$ irb 1.9.3-p448 :001 > Object.send(:sleep) ^CIRB::Abort: abort then interrupt! from (irb):1:in `call' from (irb):1:in `sleep' from (irb):1 from /Users/jim/.rvm/rubies/ruby-1.9.3-p448/bin/irb:16:in `<main>' 1.9.3-p448 :002 >
On a web server we would have just sent this process to sleep and in our environment our process monitoring would not wake that process up. Repeating this would simply consume all of the resources, another DDOS attack vector.
Doorkeeper is a gem that makes it easy to introduce OAuth 2 provider functionality to your application.
The application in question required an OAuth2 implementation. We were able to get a significant jump on this solution by using Doorkeeper. After being notified of the vulnerability they moved swiftly and deliberately to resolve the issue.
A fairly common problem that most Ruby developers either are not aware of or fail to consider in their implementations is, that garbage collection is not performed on the memory occupied by symbols. Essentially this is a memory leak which could be used by someone interested in degrading the performance of an application.
We’re not going to give you an example to run for this one because we don’t want you to lock up your machine. But in theory if you open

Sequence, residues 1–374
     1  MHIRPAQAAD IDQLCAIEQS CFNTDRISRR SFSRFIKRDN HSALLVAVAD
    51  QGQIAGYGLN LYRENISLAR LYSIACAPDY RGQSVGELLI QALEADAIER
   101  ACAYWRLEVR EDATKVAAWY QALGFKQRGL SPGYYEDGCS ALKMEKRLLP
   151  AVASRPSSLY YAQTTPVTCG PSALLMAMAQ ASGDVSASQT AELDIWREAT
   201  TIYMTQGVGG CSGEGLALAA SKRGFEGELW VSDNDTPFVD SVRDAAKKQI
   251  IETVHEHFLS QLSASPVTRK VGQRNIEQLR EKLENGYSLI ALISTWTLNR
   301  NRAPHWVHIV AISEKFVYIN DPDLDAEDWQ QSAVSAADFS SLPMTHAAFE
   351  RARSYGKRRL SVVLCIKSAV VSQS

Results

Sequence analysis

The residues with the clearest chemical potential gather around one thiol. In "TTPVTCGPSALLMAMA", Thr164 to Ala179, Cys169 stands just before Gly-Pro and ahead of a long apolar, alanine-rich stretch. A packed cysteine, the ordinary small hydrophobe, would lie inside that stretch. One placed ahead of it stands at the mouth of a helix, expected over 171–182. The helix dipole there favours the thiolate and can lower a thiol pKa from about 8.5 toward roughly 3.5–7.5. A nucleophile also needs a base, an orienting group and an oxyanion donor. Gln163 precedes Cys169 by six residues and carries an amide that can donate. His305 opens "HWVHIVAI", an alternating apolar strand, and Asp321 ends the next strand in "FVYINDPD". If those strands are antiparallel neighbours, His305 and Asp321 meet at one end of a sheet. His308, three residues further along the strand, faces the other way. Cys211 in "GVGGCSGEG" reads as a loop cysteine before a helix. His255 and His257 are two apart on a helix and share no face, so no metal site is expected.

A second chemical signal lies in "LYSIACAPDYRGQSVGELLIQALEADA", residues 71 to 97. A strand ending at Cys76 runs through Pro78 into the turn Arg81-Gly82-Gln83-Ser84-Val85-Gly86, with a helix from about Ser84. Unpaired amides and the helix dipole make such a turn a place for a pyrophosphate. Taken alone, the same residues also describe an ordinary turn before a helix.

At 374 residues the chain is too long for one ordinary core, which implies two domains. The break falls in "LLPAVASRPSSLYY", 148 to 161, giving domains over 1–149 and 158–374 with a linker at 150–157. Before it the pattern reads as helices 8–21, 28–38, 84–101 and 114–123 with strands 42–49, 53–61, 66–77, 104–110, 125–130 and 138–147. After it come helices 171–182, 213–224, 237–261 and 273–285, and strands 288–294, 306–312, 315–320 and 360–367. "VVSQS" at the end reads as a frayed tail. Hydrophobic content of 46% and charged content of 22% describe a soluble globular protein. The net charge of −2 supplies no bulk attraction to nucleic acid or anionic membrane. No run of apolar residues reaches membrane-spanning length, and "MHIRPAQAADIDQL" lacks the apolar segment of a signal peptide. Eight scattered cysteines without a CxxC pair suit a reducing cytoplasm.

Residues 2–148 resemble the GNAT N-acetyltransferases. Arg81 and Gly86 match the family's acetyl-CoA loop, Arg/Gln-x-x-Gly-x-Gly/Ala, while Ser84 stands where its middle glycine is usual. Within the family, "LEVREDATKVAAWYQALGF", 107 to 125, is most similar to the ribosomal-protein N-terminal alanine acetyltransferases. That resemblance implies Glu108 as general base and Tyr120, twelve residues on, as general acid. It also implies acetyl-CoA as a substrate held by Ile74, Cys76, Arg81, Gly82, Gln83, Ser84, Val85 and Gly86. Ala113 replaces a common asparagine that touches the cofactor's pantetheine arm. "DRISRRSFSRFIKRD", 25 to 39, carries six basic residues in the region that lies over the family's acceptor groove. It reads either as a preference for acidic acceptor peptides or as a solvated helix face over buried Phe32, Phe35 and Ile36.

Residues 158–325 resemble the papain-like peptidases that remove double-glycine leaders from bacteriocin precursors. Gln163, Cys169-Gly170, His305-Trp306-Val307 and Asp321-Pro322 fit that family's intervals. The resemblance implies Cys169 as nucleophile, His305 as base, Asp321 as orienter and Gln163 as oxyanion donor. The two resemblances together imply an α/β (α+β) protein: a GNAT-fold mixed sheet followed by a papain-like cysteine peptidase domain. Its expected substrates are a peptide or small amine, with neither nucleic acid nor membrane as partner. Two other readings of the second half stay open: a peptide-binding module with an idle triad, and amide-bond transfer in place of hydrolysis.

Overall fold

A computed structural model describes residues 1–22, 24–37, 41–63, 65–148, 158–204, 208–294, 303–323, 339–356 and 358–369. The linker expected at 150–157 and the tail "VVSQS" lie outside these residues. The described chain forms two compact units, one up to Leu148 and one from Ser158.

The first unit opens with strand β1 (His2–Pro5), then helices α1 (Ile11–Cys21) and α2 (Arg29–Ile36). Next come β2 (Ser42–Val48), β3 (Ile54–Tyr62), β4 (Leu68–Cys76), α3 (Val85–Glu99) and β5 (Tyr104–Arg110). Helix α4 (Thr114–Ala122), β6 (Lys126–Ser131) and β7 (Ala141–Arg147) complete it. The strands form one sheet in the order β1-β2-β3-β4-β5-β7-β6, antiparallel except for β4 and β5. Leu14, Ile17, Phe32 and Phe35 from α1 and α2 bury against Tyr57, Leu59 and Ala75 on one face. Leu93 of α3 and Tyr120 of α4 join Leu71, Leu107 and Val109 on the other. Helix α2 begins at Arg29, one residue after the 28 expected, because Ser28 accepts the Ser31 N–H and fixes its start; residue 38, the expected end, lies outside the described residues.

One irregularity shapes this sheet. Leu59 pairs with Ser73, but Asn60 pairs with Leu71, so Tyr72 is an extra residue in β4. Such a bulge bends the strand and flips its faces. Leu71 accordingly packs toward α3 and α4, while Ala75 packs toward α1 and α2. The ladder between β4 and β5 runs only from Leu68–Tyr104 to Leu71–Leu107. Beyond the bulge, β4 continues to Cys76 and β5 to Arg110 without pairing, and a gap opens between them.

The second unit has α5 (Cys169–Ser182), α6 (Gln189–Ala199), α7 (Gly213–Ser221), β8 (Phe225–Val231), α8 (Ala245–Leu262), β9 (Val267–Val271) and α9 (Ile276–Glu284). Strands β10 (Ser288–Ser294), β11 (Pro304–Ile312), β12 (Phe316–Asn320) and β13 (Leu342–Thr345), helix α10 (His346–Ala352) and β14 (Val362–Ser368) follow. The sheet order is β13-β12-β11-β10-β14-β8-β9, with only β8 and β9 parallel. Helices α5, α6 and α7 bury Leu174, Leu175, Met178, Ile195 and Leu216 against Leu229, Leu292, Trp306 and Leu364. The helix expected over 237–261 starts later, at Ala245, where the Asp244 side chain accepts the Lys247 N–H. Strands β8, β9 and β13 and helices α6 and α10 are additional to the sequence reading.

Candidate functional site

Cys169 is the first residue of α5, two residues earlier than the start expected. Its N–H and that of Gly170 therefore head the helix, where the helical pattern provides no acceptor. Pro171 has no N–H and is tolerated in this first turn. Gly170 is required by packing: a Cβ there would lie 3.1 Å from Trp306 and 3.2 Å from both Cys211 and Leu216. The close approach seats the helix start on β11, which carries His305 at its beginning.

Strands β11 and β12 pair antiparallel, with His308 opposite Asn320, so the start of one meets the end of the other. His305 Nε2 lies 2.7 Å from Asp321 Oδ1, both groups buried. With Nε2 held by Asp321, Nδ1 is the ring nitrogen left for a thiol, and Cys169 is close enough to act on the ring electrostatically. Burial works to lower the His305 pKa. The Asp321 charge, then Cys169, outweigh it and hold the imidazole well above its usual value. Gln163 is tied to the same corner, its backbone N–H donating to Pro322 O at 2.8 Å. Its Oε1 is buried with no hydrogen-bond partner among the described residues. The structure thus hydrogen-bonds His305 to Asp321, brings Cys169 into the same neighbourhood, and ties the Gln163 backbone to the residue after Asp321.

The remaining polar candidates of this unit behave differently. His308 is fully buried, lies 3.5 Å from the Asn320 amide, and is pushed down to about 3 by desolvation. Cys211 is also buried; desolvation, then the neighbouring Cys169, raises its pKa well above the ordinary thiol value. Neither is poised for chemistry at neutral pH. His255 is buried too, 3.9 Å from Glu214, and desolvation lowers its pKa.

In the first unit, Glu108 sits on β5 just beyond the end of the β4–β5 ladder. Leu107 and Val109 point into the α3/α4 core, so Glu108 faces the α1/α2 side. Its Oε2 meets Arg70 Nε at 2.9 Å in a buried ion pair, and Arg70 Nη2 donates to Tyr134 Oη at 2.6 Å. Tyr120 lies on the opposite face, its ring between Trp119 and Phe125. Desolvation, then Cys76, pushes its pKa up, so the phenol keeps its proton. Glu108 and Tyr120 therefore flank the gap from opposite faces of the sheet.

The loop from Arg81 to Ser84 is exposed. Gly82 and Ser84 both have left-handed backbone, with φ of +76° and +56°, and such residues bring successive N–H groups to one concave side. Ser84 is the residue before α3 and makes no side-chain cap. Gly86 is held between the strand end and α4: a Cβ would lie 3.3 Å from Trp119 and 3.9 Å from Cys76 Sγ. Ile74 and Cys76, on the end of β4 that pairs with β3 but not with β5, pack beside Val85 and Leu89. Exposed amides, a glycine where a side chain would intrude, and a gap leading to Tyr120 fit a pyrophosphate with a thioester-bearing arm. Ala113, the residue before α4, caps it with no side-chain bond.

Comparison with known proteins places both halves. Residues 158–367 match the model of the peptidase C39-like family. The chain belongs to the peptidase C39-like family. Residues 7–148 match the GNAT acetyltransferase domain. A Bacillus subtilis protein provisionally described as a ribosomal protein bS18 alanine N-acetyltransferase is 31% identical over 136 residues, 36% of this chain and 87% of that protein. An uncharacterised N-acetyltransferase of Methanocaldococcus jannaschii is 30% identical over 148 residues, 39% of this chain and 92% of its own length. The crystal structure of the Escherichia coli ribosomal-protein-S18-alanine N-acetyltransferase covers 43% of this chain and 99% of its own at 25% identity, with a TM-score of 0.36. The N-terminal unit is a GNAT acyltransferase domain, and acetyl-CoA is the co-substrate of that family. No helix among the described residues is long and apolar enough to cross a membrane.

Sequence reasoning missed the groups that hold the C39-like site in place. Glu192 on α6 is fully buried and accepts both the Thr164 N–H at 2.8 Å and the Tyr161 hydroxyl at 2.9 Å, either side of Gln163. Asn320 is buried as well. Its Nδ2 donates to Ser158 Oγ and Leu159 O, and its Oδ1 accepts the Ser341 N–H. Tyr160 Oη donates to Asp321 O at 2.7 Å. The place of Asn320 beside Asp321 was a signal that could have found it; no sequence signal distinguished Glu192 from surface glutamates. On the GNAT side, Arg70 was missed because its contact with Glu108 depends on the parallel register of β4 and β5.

irb and create a loop that continues a few thousand times and each time executes a
to_sym on a string you will see the resulting memory usage spike. The longer the value you are converting to string the more memory used and the effect will be increased.
Note: If you follow through on the theoretical situation noted above the problem will survive until a restart of the process.
Rails / i18n
Ruby on Rails
Internationalization (i18n) library for Ruby
We managed to get two birds (or bugs) with one stone on this issue, and really we should have prevented the situation. We included user provided data on to our page without sanitizing. This came by way of the
locale query string parameter which in our app, as well as Rails & i18n, denotes in which language to display content.
Query string parameters are often used to affect user-specific behavior on a page. In this case the commonly used param
locale was appended to our URLs to carry forward the choice of language and/or region.
To take advantage of this vulnerability an attacker would have to convince you to follow a link that contains a malformed
Here’s what a typical request might look like:
And here is an example trying to take advantage of this vulnerability:
https://app.example.com/?locale="<script>alert('Arbitrary JS just executed.')</script>
While you may feel like this is a scenario unlikely to fool most people, keep in mind that your users are more likely to fall prey to these sorts of attacks then a web savvy developer, add indirection of a formatted link and BAM! Your user has been compromised.
There is more than one way to give back to Open Source Software. The scale and type of projects we work on at Thunderbolt gives us the opportunity to test open source libraries at a level many can’t. Can a budding start-up afford to have a top security firm look at their dependencies and attempt to break their app? Probably not.
Our situation afforded us the opportunity to hire experts to torture our code. The good news is, it survived. We’re happy to help close a few vulnerabilities and help build awareness of some of the minor things we do as developers that can have serious security implications.